a. It’s not a matter of effort, it is a matter love (relationship) that motivates.
b. Love generates obedience.
II. What are the honest problems we have?
A. We think religion is about our effort.
1. We create ritual that help us focus or attention. They are good unless they distract us from the reality.
2. We turn the Bible into a list of “do this not that.” The Bible makes many moral demands on us. There are many “do this not that” requirements... many things please God... many things displease God. They are good unless we replace the doing with genuine relationship.
3. Our effort will only take us so far. “Not enough.”
B. We think we can measure relationship in concrete terms.
1. Imagine if a parent starts a chart of bad things a child does with a line. When the child reaches that line, then we buy them a bus ticket and wish them luck. NOT GOING TO HAPPEN!
2. Yes, there are consequences to our actions... but grace is not an accountant that weighs things against one another.
C. We think that performance creates relationship.
1. Some people are givers, others are takers... but keeping track of points is deadly to a relationship.
2. Why? Because we *always* give ourselves massive bonus points and extra credit. We tend to give others massive negative points they can never make up.
3. This reasoning is backwards... and possibly abusive.
III. What is the reality?
A. Here is what we know from the Bible:
1. If you are outside God’s grace when you die you are eternally separated from God...
2. If you are convicted by God’s grace, and feel uncomfortable about your spiritual destiny; it means God is awakening you. You must chose because the window of opportunity is limited.
3. If you conflicted after you have chosen to accept God’s grace, it means you will struggle with self-effort and cycle between failure and repentance.
4. If you have, through the Spirit of God, accepted your adoption by God’s grace you will be in love with God.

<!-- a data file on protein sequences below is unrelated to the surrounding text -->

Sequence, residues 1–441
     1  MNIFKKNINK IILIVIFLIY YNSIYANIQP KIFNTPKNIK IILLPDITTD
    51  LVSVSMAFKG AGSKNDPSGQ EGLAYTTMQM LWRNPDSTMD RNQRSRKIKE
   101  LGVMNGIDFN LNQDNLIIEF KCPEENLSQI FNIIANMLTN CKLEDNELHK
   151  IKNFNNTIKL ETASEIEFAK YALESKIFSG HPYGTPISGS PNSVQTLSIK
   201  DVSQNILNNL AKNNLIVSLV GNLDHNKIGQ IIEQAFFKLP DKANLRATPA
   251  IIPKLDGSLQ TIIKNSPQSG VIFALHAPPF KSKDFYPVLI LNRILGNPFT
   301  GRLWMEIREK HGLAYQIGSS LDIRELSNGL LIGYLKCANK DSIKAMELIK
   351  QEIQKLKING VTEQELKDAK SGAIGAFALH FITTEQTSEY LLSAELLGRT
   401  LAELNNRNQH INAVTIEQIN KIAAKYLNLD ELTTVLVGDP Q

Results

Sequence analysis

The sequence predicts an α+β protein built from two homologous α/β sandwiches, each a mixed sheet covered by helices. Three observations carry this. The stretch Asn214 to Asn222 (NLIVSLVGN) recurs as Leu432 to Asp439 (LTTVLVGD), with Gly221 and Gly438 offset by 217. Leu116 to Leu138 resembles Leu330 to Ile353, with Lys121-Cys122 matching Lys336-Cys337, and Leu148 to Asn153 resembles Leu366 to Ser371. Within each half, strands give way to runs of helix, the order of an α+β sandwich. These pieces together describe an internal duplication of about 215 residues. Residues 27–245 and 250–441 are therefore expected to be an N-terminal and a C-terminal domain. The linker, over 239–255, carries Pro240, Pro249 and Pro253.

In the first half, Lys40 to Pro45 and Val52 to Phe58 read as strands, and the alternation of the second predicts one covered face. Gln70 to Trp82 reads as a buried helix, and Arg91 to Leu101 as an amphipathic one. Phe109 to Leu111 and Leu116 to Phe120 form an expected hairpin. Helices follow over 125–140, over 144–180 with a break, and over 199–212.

IV. How do you make the transition?
A. To move from being “amiss” to becoming a child of God, you must believe.
“and are justified freely by his grace through the redemption that came by Christ Jesus.” [Romans 3:24]
1. Believe means you accept that you can be redeemed (saved) ONLY through Jesus.
2. The issue is trust. Do you trust God’s grace or do you trust your own effort, a church, a ritual?
B. To move from being “ambivalent” to becoming a child of God, you must fail.
“Therefore, there is now no condemnation for those who are in Christ Jesus,  because through Christ Jesus the law of the Spirit of life set me free from the law of sin and death.” [Romans 8:1 – 2]
1. The failure of your “self” must be so complete you have no choice but to be dependent on Christ Jesus.
2. While the “law of sin and death” may be active, God has intervened with the “law of the Spirit of life.”
C. To be “adopted,” you must trust the Spirit of God, who produces the condition of adoption.
“For if you live according to the sinful nature, you will die; but if by the Spirit you put to death the misdeeds of the body, you will live,  because those who are led by the Spirit of God are sons of God.” [Romans 8:13 – 14]
1. What’s this going to look like?
a. We trust only on God’s mercy given to us through Jesus Christ.
b. The reign of sin is broken, we not only struggle against sin but we win.
c. We keep in step with the Spirit of God.
d. We live in joy.
e. We love.
“The only thing that counts is faith expressing itself through love.” [Galatians 5:6b]